The new Caistor Union took over the existing Caistor workhouse. In 1837-8 for the Poor Law Commissioners authorized an expenditure of £1,745 for various alterations and enlargements — this may have included the single-storey entrance black at the north of the main workhouse. Further additions were made 1842 for which a further £380 was authorised. Separate fever wards were added, followed in 1863-4 by a school with master's house attached, and in 1865-6 by a 200-seat chapel, dedicated to St Lawrence. The workhouse graveyard lay to the west of the chapel. An infirmary was erected at the east of the workhouse in 1871.

The workhouse location and layout can be seen on the 1905 map below.

Caistor workhouse site, 1905.

Caistor workhouse aerial view from the north-east.

Caistor entrance block from the north-west, 2001.
© Peter Higginbotham.

Caistor entrance block from the south, 2001.
© Peter Higginbotham.

Caistor chapel from the north, 2001.
© Peter Higginbotham.

Caistor school-block(?) from the east, 2001.
© Peter Higginbotham.

In the early 1900s, the Master and Matron of the workhouse were Mr and Mrs Solomon. The picture below shows them and their staff in 1905.

Mr and Mrs Solomon and workhouse staff, 1905.
© Peter Higginbotham.

Another picture from the same period shows the workhouse dining-hall arranged for Christmas festivities.

Caistor workhouse dining-hall, Christmas 1905.
© Peter Higginbotham.

In 1897, it was reported that the inmates from within the Caistor Union filled barely a quarter of the workhouse. Accordingly, the Guardians were now providing accommodation in the workhouse to paupers placed by other Unions, such as Brigg, Halifax and Nottingham, whose own workhouses were short of space.

By the 1880s, the Caistor Union had established casual wards at Chapman Street, Market Rasen, for the overnight accommodation of tramps and vagrants. The site later became The Poplars 'hostel'.

In the 1930s, the workhouse site became Caistor Certified Institution for "mental defectives" and various additions were made to the accommodation. In April, 1937, management of the premises was transferred to the Lincolnshire Joint Board for the Mentally Defective. Patients were temporarily transferred to the Holbeach Institution in 1937 while the Caistor premises were modernised, and returned in January 1938. In the 1940s, the establishment was sometimes known as the Caistor Branch of the Harmston Hall Colony.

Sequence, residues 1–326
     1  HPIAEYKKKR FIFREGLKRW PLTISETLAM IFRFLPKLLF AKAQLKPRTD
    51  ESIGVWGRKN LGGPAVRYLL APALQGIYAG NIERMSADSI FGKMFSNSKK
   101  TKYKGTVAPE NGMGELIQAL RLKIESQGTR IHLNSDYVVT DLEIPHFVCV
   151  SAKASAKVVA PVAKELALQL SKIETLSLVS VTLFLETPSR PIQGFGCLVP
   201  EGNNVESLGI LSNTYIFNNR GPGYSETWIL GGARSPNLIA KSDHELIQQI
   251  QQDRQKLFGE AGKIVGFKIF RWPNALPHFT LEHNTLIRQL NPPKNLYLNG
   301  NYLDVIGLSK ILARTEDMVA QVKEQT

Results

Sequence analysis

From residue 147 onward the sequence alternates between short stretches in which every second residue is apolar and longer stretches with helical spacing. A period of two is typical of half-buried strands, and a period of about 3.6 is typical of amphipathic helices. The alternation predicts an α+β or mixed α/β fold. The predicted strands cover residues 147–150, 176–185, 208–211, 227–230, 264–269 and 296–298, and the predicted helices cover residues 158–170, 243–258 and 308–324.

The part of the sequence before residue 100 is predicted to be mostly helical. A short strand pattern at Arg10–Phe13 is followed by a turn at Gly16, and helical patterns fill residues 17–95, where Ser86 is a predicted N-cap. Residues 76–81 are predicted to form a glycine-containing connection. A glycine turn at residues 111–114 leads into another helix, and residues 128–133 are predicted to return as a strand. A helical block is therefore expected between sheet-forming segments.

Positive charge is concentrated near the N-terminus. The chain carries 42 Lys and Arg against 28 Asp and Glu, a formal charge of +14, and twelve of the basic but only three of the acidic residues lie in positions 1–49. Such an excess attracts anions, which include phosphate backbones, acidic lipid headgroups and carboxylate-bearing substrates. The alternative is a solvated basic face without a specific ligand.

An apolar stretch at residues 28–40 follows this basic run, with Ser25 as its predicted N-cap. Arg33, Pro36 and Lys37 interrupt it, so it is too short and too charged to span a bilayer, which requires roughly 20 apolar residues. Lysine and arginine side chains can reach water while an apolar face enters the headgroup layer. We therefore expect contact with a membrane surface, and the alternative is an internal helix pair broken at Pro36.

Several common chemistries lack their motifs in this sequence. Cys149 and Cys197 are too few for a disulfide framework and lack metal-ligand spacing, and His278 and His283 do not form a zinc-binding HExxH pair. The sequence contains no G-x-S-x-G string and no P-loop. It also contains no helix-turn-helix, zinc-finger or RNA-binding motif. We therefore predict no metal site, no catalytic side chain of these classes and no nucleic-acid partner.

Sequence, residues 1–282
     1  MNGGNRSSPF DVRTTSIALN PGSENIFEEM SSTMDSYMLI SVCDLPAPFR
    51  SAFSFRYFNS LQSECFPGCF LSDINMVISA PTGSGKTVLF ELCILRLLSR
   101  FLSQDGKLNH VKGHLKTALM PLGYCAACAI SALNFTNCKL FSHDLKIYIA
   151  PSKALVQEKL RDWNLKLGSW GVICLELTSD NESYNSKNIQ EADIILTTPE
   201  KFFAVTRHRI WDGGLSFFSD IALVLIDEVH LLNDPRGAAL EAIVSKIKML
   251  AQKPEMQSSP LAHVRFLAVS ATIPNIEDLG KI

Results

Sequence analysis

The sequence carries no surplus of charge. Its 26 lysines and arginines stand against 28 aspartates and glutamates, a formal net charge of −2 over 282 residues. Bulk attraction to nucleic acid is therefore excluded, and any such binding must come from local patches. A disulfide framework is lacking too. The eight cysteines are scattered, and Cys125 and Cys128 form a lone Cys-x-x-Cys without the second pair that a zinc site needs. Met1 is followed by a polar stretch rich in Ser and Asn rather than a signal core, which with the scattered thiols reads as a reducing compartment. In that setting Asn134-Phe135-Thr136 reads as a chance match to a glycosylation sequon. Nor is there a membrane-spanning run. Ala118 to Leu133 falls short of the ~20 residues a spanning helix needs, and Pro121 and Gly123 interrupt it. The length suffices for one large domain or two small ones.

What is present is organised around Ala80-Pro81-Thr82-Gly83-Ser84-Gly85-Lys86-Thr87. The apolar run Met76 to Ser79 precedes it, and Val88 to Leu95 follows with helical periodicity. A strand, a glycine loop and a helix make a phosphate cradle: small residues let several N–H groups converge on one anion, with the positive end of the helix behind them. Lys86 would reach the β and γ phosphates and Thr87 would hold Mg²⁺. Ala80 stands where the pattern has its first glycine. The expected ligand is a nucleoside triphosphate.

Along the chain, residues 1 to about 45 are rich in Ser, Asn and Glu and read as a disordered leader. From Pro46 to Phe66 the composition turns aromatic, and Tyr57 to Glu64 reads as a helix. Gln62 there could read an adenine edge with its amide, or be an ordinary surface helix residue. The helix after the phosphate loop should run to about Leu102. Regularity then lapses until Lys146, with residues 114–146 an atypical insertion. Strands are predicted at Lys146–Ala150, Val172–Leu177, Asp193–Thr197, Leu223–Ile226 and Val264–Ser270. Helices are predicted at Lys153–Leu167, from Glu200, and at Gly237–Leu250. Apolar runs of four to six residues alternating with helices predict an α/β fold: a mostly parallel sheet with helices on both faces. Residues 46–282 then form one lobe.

In 1948, the site became part of the new National Health Service under the name Caistor Hospital which continued in operation until 1990. The premises then remained empty and were seriously damaged by a fire in 2001 resulting in the demolition of most of the buildings, leaving only the front block, chapel, and school block. The site is now covered by the Roams Walk housing development and none of the workhouse buildings remains.




Note: many repositories impose a closure period of up to 100 years for records identifying individuals. Before travelling a long distance, always check that the records you want to consult will be available.


  • Rawding, C. (1987) The Poor Law Amendment Act 1834-5: Case study of Caistor Poor Law Union by (Lincs. Hist. and Arch. Jnl. 22)
  • Russell, Rex; Frankish, Alan; Frankish Pat Caistor Hospital: From House of Industry to Caistor Hospital 1802-1990
  • Udell, Joanne (2005) The Legacy of the Workhouse - Harsh Prison or Popular Myth (The Lincolnshire workhouse regime with investigation into Louth and Caistor workhouses 1834-1925. Illustrated, pp.38). Copies available at £5 (plus £1.50 UK postage for a single copy, or £1.80 for up to 3 copies). Please make cheques payable to Mr. R.I.Dickinson at The Hollies, 27 Station Road, Stallingborough, Grimsby DN41 8AQ. (Email enquiries to